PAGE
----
The only thing that I would change in her tutorial is that when making the first loop (that looks like a Twisted chain stitch), I wouldn’t try to do it in a ‘scooping motion’ with the needle – I do it in two stages, as a stabbed stitch, taking the needle to the back, and then bringing it up exactly where I want it to be and making a sort of twisted chain stitch. ‘Scooping’ the needle on the fabric at this point, when there is felt padding on the top of the fabric to get through as well means that you wouldn’t be able to take a very small ‘bite’ of the fabric, so your Oyster stitches would end up being too large for this berry. You need to make five complete stitches in a row down the length of the centre of the berry, so each Oyster stitch needs to be about 3/16 of an inch long in total to fit five in. That can only be achieved by stab stitching the first twisted chain stitch shape, IMO! That’s the secret to getting these small textural stitches to fill the space properly.

You also need to remember to thread the bead on before you start each stitch, and then after making the first twisted chain stitch shape, push the bead up to the top of the stitch with your needle, just about to the point where you are going to take the needle behind the loop from right to left, underneath where the bead now sits. This will make the bead sit high on the completed stitch. Then make the final ‘chain stitch’ shape around the outside of the twisted chain stitch and bead combination, and catch that loop down to finish the Oyster Stitch.

With the centre berry, I did the stitches as the instructions recommended – a row of five down the centre, then three each side at the edges (left side first), then filled in the spaces in between with more stitches. It came out like this:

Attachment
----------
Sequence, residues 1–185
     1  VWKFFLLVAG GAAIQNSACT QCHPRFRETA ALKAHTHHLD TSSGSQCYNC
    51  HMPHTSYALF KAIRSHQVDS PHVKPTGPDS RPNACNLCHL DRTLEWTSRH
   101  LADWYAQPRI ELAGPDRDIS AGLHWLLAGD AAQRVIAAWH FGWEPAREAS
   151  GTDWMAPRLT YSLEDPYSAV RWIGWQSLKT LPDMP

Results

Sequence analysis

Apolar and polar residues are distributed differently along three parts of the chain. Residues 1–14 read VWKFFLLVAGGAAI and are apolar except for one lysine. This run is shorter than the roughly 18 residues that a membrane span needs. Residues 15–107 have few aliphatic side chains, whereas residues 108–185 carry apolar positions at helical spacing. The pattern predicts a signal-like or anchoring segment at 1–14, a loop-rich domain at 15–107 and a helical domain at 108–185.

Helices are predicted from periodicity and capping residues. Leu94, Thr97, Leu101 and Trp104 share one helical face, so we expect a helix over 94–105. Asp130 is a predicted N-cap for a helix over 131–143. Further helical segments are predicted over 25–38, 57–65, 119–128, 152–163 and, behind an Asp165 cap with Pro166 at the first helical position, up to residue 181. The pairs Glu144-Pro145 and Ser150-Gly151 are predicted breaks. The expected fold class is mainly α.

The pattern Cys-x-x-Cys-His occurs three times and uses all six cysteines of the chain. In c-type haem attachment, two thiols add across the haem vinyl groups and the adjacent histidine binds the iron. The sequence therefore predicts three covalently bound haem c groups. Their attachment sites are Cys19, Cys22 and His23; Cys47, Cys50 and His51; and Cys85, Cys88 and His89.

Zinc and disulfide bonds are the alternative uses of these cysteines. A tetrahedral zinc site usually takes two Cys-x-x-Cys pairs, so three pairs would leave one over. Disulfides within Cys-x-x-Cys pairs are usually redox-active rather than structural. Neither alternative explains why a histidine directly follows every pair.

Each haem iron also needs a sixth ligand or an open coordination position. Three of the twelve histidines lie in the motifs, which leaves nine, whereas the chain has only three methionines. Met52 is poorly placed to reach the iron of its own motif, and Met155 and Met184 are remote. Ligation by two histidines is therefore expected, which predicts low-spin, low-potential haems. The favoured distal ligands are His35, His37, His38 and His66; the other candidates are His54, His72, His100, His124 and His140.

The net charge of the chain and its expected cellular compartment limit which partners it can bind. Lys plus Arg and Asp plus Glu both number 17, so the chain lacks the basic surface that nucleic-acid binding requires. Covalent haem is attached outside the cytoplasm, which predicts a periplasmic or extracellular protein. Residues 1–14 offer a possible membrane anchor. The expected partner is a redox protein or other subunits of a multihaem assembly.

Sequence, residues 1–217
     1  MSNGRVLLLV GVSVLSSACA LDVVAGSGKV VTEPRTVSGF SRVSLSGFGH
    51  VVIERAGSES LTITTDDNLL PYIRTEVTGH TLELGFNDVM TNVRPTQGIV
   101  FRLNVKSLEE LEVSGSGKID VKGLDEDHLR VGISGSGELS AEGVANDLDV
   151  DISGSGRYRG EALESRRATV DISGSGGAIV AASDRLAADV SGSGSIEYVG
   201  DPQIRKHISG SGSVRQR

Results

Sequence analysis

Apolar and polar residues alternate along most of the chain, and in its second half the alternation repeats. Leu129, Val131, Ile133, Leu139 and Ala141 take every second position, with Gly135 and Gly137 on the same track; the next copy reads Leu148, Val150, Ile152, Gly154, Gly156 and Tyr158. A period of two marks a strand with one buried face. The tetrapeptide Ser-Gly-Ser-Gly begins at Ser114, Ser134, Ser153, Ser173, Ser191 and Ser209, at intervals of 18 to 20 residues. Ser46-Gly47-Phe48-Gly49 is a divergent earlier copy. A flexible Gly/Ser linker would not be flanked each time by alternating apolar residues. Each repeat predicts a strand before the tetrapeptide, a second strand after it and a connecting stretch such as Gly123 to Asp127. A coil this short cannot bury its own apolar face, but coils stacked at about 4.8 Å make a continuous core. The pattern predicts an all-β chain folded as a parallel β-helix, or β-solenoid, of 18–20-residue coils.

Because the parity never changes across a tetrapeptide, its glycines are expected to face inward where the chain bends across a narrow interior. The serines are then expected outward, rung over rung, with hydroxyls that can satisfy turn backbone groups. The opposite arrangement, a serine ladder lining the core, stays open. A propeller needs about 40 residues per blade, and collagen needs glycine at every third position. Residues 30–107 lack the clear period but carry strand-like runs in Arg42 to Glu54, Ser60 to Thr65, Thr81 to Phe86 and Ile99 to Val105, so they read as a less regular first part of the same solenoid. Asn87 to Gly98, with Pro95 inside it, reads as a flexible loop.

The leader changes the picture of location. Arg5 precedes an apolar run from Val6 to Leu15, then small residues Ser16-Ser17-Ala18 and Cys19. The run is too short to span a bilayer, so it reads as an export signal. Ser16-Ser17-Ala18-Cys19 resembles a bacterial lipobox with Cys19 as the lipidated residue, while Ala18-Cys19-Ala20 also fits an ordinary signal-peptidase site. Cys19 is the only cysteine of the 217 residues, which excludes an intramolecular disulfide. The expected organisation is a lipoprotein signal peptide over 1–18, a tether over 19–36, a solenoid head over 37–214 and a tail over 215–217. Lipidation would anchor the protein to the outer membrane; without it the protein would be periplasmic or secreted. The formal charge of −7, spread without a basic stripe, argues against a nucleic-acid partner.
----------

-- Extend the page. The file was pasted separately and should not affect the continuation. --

Carolyn Pearce Strawberry Fayre heart etui

With the berry on the left, I altered that slightly, and worked the row of three down the right hand edge first, then the centre row, then the left hand row, to see if it made it any easier to get the needle under the loops when completing the stitches, but it didn’t make much difference to the ease of completion, and I felt that this berry ended up looking too ‘regimented’, with the beads in obvious rows.

Carolyn Pearce Strawberry Fayre heart etui

So, with the berry on the right, I started filling in from the top of the berry, not doing any of it in rows, but just sort of ‘flood filling’ with stitches. Out of the three techniques, I think I like the centre berry the best, although it was tricky to do.

Carolyn Pearce Strawberry Fayre heart etui

HOW TO STITCH THE NEEDLELACE SEPALS FOR THE BERRIES

Each berry has three sepals made from needlewoven picots. One of my blog readers, called Jeanette, has given me a tip which would have made stitching these a lot easier – she said to fix a plastic A4 pocket tightly up to the base of the berry, and temporarily tape the plastic to the edge of your hoop before putting in the ‘locating pin’ for each picot, so that when you are stitching the picots, the needle has a shiny base to slide across, instead of the base fabric and surrounding stitches, which can easily get caught in your needle.

Another blog reader said that she had so much trouble stitching the picots *after* the berries, that she unpicked the berries, and then started again, stitching the picots first, and then re-stitching the berries! So, that’s another option.